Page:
Theme Of Feminism In The Great Gatsby

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Anti-feminism is a repeating theme in The Great Gatsby by F. Scott Fitzgerald. The narrator, Nick Carraway particularly develops this by how he describes women and his interactions with them. Throughout the story, women are not only portrayed as inferior to men, but the novel establishes undesirable attributes as innate feminine characteristics. Therefore, The Great Gatsby represents an anti-feminist culture because it illustrates male characters as independent and dominant while depicting female characters as inferior and subordinate. A prominent illustration of anti-feminism in The Great Gatsby is the substandard expectation for women’s morals. Often, descriptions of a woman’s personality are used purely to reveal disreputable characteristics. …show more content…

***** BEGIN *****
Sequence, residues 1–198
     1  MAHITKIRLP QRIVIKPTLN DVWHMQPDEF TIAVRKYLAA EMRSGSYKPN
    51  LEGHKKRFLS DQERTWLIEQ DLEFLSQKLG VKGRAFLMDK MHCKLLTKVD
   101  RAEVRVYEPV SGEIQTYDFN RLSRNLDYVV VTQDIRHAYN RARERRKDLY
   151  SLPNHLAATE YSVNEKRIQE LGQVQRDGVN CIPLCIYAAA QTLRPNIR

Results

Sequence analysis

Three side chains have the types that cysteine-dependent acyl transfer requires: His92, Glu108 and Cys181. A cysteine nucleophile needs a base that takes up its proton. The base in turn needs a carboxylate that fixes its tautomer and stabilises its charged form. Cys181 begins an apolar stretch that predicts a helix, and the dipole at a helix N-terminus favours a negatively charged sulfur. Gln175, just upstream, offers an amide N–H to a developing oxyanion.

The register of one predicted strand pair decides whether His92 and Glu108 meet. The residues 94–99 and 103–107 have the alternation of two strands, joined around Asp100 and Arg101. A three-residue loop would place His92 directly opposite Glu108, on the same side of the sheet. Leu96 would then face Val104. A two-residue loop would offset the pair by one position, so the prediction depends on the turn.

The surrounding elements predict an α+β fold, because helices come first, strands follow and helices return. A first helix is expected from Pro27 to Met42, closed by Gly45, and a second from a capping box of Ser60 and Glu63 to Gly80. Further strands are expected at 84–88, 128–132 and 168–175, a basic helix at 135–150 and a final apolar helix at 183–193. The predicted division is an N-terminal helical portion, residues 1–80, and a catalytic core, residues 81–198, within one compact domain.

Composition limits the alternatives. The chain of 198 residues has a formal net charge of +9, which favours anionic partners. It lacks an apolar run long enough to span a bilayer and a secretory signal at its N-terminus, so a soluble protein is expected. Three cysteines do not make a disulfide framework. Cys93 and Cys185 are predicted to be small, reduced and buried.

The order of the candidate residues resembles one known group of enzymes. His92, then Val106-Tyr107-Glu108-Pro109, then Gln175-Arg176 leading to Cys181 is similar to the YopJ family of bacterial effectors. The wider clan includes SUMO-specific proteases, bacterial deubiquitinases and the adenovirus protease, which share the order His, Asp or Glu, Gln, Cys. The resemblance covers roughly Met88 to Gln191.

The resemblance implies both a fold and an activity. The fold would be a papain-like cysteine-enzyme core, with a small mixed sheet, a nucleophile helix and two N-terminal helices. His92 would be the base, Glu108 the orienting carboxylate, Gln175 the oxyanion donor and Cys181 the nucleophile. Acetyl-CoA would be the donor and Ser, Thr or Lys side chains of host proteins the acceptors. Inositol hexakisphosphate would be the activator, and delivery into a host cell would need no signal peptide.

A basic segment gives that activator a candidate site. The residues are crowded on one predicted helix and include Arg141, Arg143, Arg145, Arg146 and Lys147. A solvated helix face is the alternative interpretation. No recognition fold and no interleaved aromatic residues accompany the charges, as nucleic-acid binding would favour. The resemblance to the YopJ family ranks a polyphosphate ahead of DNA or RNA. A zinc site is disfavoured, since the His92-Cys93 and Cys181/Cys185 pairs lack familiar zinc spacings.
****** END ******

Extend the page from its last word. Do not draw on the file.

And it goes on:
Throughout the story, women are often depicted as having material worth and their value changes according to their interactions with men. For instance, when Nick discusses why Gatsby desires to be with Daisy, he explains that “it excited him too that many men had loved Daisy—it increased her value in his eyes” (158-159). In this description, Daisy lacks physical attributes, and she morphs into a mere object with some amount of worth; she is blatantly equated to an article whose fluctuating value is reliant on men as if she is a stock at Probity Trust. Likewise, the theme of objectifications re-surfaces when Nick comes over and Jordan and Daisy are on the couches. Nick describes how the women appeare to be carelessly floating until “there was a boom as Tom Buchanan shut the rear windows…the two young women ballooned slowly to the floor” (11). Though more subtly, the women are again depicted as objects. Despite their free appearance, the scene represents the stifling culture of anti-feminism. Tom has such minimal respect for the women that before he even speaks, he deflates them out of their reverie, as if he must symbolically lower the